Where, following a decree of a Probate Court under G. L. c. 209, Section 32, for separate support of a wife for the cause of cruel and abusive treatment, the husband petitioned for revocation of the decree, alleging that cause therefor no longer existed and that he had indicated a desire in good faith to resume marital relations, the judge was in error in ruling that such decree could not be revoked except by consent of the wife and, it appearing that the parties were not reconciled and were not living together, in dismissing the petition without affording the husband an opportunity to present evidence in support of it.
PETITION filed in the Probate Court for the county of Middlesex on March 23, 1964.
The case was heard by Leggat, J.
Louis Karp, for the petitioner, submitted a brief.
No argument or brief for the respondent.
WILKINS, C.J. This is an appeal by a husband from a decree of the Probate Court, Middlesex County, which dismissed his petition to revoke a decree of separate support. The petition alleged that there no longer exists any cause for separation; that he has indicated that he desires in good faith to resume marital relations; and that his wife is no longer living apart for justifiable cause. The case was heard on statements of counsel, and was dismissed because it was agreed by counsel that the parties were not living together and were not reconciled. The judge ruled that a
decree for living apart for justifiable cause, namely, cruel and abusive treatment, cannot be revoked except by mutual agreement of the parties. The husband argues that he should have been allowed to present evidence in support of the allegations of his petition.
The decree of separate support we assume to have been entered pursuant to G. L. c. 209, Section 32. "The power conferred by . . . Section 32 on a probate court entering a decree for the separate support of a wife to `make further orders relative to the support of the wife and . . . from time to time . . . [to] revise and alter such order or make a new order or decree' extends to the termination of the decree on an adequate ground arising after such decree was entered." Rosa v. Rosa, 296 Mass. 271 , 272. Proceedings for separate support "are designed to secure the temporary support of a wife . . . while the marriage relation exists and the cause for separation continues. A decree under the statute does not create a judicial separation, nor establish a permanent status for the future." Doole v. Doole, 144 Mass. 278 , 279-280. Such a decree "does not authorize the wife to live permanently apart from her husband, nor establish a relation which she has a right to maintain until she consents to change it; if her husband removes the cause of the separation, it would be her duty to return to him, and it would be the duty of the court to revoke its decree." Barney v. Tourtellotte, 138 Mass. 106 , 109. The case of Gifford v. Gifford, 244 Mass. 302 , was similar to the present except that, as shown in the original papers, the cause of living apart was desertion. It was held to be error to exclude testimony by the husband that he had offered his wife a home according to his means.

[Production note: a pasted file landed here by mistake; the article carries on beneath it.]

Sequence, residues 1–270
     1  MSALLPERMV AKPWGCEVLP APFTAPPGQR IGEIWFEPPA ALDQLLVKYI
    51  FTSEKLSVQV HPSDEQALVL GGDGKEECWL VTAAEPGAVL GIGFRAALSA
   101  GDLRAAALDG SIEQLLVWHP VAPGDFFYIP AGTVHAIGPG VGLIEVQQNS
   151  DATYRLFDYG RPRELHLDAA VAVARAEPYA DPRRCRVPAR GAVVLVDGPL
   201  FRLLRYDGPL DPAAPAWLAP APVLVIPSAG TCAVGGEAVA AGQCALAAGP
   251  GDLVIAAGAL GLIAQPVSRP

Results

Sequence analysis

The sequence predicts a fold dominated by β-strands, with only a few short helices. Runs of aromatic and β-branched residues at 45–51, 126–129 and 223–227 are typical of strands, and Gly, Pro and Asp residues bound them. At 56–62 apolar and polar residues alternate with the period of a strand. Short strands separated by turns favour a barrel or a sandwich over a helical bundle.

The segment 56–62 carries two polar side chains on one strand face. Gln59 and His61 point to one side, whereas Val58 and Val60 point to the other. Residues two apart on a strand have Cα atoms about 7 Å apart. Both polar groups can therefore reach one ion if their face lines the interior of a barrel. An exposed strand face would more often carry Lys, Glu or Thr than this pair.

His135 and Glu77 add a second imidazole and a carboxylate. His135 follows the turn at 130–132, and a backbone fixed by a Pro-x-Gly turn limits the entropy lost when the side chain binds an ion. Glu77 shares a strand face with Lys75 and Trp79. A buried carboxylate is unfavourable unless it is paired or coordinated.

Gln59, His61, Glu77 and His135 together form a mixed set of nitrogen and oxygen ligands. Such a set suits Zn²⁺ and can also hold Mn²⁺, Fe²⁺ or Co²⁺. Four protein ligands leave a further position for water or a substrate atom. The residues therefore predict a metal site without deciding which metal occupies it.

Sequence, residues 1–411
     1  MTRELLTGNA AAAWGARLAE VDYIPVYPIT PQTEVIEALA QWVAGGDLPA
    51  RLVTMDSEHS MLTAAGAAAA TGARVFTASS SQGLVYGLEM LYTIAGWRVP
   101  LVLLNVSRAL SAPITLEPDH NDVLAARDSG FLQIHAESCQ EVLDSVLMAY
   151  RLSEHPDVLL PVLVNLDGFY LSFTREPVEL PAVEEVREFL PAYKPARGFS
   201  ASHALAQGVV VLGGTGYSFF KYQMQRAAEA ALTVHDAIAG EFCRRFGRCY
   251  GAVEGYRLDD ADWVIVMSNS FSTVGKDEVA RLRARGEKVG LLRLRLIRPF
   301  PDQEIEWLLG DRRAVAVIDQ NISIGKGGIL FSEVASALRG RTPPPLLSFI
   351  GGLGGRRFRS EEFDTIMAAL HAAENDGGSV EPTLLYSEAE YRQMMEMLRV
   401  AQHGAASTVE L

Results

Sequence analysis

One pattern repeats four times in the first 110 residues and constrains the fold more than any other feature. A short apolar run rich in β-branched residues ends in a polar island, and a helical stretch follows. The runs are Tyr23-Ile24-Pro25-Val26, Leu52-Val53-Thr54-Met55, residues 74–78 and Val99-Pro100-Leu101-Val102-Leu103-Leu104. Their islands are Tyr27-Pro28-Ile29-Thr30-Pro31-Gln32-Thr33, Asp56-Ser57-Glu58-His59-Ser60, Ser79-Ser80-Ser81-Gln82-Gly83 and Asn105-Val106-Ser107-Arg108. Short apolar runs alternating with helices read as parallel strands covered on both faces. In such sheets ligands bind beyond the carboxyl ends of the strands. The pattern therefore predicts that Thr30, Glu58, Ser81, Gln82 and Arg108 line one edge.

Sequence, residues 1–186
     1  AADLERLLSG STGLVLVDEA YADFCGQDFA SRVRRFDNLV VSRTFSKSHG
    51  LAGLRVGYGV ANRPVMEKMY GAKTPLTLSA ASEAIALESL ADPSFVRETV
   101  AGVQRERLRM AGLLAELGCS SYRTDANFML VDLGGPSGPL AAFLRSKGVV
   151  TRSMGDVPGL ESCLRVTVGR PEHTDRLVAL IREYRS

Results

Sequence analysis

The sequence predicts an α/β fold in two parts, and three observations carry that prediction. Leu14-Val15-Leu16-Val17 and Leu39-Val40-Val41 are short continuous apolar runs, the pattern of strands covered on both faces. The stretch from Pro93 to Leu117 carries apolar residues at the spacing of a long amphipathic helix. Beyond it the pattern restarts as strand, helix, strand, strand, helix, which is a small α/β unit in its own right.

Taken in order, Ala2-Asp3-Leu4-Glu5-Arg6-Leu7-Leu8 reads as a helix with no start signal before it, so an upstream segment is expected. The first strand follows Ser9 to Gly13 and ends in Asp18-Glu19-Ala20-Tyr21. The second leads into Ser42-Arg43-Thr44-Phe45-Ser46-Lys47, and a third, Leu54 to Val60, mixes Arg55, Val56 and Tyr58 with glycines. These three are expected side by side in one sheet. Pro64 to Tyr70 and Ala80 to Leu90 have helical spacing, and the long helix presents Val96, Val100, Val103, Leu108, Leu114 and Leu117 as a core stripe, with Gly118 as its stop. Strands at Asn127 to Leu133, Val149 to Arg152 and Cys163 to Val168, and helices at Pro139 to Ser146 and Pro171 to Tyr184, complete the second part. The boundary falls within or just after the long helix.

In Slavinsky v. Slavinsky, 287 Mass. 28 , there was a libel for divorce on the ground of desertion brought by the husband against a wife who had obtained a decree that she was living apart for justifiable cause. In denying the divorce, the court stated through Chief Justice Rugg: "There is no finding as to what was the justifiable cause on which the decree . . . was founded. . . . There is no finding that the
conditions on which that decree was based had ceased to exist or did not continue to be operative. We cannot know whether that decree was based on cruel and abusive treatment or on neglect to provide a home for the wife and child, or on both. If it was in truth granted on the ground of cruel and abusive treatment, manifestly the offer of the husband to furnish a home and live with his wife would be unavailing regardless of his `good faith' without proof that the wife, if she accepted his offer, would be free from reasonable apprehension for her bodily safety and was otherwise required to accept the offer" (p. 33).
While there undoubtedly is a heavy, and possibly insuperable, burden on the husband in the case at bar, he seems to have been prevented entirely from trying to satisfy that burden. On our decisions there is no exception denying the right to a hearing on a petition to revoke a decree in cases where the ground of living apart was cruel and abusive treatment. It was error to dismiss the petition.